The Church does not instruct its followers to vote based on a politician’s views on abortion and nothing else. Catholics are to take all aspects of a candidacy into account. It is difficult to justify supporting supporting a candidate that supports any intrinsic evil, but unfortunately abortion is not the only intrinsically evil act supported by some politicians. You should read what the Church actually says on this topic. Most of the official publications of the US Bishops and the Vatican are collected here:

faithfulcitizenship.org/church/statements

(Edited)

In my original post, I specifically cited the death penalty as unavoidably killing innocents. And I find that this and the cavalier attitude towards war has fostered a fundamental disrespect for life, and is permissive of evil wars waged by Christians. That is the result of life calculus and the lip service double standard being practiced.

I’m not comparing the sins of the death penalty and war with the sin of abortion itself, rather the double standard the church has in instructing its followers on how to vote on them exclusive of all other issues in the world.

The guidance given by several Bishops has been absolute on this issue, and goes beyond even life calculus. For example, if a politician is against war and works against world hunger but favors abortion in very rare cases, you are instructed to vote against that politician based on abortion alone. In fact, voting for such a politician is literally equated to and I quote “endorsing homicide”.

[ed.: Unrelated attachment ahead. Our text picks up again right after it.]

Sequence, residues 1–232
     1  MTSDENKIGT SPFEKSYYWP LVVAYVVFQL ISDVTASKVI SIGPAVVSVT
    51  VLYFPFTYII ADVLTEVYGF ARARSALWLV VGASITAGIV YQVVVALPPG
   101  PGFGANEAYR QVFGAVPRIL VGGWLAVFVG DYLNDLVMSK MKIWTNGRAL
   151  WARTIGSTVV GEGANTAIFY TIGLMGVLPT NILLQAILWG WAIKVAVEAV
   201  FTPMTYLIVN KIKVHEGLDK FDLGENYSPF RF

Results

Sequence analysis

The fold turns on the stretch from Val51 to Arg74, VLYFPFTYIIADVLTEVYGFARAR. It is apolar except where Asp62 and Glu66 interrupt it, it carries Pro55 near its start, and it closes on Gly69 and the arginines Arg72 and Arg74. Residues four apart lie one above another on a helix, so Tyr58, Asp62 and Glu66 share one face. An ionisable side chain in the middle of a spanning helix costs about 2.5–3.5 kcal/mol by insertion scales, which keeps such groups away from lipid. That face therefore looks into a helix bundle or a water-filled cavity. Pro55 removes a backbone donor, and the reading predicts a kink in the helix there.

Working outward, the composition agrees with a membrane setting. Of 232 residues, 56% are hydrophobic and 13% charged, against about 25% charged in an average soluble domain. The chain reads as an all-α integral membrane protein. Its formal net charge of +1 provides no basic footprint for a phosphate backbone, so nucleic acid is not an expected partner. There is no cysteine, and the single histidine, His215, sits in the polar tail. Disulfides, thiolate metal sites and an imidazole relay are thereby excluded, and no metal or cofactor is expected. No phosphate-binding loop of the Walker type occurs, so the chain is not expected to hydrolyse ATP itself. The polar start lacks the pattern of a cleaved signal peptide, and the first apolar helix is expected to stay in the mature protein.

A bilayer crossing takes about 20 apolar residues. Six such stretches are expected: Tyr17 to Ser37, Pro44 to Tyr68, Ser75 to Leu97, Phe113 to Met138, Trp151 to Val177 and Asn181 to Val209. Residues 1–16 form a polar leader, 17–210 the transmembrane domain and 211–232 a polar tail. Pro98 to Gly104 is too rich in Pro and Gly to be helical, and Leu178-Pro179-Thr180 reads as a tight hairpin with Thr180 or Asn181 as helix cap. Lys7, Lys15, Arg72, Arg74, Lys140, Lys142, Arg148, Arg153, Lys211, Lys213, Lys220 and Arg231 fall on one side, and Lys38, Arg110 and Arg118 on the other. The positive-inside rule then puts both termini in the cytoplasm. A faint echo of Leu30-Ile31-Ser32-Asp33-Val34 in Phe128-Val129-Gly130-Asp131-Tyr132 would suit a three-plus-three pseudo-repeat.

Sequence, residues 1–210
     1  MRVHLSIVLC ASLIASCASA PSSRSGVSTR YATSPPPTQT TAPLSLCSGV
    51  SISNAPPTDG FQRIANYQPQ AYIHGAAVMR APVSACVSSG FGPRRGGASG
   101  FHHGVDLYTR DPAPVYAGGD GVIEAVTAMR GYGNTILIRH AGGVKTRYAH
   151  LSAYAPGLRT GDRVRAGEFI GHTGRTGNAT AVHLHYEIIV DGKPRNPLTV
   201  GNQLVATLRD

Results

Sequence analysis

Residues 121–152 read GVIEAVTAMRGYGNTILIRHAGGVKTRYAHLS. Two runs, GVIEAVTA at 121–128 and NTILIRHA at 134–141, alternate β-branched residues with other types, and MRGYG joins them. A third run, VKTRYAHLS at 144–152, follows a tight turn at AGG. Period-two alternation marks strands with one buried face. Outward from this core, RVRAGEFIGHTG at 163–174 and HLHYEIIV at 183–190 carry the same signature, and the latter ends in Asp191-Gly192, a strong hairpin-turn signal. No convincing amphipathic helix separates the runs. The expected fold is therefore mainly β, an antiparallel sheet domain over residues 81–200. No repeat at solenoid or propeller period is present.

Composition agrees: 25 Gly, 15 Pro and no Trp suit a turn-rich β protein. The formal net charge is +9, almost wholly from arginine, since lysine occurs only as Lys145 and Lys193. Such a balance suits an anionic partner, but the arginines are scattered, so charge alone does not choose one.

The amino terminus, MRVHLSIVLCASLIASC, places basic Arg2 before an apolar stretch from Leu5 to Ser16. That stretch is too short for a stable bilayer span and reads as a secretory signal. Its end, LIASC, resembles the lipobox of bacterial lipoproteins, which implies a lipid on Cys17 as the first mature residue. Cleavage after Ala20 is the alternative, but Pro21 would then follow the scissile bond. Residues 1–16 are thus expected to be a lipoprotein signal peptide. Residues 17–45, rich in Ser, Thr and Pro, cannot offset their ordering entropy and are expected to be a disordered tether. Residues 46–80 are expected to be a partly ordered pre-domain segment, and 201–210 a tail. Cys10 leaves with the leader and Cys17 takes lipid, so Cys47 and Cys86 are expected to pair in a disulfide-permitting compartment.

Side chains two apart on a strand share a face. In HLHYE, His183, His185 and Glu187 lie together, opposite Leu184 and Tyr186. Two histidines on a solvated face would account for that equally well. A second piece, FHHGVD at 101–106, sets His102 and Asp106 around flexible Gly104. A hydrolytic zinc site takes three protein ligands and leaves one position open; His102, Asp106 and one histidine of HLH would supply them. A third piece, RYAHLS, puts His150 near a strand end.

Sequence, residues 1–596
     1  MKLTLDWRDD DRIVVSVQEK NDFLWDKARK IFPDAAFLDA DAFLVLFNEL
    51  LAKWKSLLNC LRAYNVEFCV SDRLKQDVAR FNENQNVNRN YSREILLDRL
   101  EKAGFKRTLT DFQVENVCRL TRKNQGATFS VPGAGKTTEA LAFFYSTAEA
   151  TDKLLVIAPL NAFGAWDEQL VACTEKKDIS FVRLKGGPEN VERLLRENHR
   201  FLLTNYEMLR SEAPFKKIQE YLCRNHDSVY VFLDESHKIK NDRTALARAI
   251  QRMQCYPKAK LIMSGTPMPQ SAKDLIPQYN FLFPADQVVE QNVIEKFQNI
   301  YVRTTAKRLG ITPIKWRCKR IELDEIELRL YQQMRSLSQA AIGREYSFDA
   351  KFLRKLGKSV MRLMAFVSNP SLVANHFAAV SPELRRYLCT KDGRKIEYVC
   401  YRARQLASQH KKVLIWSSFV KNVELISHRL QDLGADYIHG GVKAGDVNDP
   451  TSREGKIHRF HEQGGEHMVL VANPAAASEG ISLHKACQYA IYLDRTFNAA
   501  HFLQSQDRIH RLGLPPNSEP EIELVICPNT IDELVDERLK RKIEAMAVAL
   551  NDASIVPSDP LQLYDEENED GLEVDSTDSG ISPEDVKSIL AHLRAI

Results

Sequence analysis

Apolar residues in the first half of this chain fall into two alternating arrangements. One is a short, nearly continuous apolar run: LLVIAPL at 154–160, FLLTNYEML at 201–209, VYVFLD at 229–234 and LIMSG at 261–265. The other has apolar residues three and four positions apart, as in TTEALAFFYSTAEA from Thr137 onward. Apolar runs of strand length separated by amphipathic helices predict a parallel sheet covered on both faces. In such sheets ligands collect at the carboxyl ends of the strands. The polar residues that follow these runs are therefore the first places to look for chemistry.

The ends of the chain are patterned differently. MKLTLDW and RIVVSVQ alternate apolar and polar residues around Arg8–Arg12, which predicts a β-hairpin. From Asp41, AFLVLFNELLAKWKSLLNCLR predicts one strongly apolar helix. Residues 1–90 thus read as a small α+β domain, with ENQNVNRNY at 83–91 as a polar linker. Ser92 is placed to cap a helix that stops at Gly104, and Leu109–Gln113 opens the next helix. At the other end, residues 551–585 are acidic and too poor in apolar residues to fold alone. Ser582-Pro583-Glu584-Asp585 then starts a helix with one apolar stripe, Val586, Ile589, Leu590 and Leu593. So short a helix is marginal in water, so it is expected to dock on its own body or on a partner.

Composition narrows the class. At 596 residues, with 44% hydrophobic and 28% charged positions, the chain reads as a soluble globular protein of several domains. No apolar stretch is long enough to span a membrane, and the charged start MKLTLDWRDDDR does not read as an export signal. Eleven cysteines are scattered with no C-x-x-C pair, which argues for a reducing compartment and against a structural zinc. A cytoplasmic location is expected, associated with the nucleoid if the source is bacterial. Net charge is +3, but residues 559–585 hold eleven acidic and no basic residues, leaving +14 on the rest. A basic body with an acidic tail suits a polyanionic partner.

(Edited)

Bishop Joseph Martino equates any vote for a supporter of any abortion rights to be “endorsing homicide”. He gave no exceptions at the time (Edited).

maybe you were a fan of saddam’s institutional rape factories or poison gas tactics. that seems to have a greasy appeal for some.

Thread closed for clean up.

Yes, that’s my point. Abortions will only be outlawed by a Constitutional amendment. Reducing abortions on the other hand, is a matter of policy that all politicians are capable thanks to progress on poverty and education. Whereas one life issue trumping two other life issues has been justified to the point that we’ve accepted selective morality and become permissive of unjust wars.

We can’t suggest that all the good or evil done by a politician is defined by his views on abortion, irregardless of their views on war or the death penalty. And even by the measures of life calculus, this ignores hunger, war, and poverty in favor of an absolute interpretation of one political policy.

I didn’t want to make this into a political discussion, but rather one about church policy. I’m writing to the Vatican about specific developments in the church, and wanted to explore the issue before I finished it.

I apologize for anyone I offended. My original comments were not intended to be offensive, but the discussion ended up that way. I think this may not be the best place for these serious discussions on an issue that eventually turns to recent events.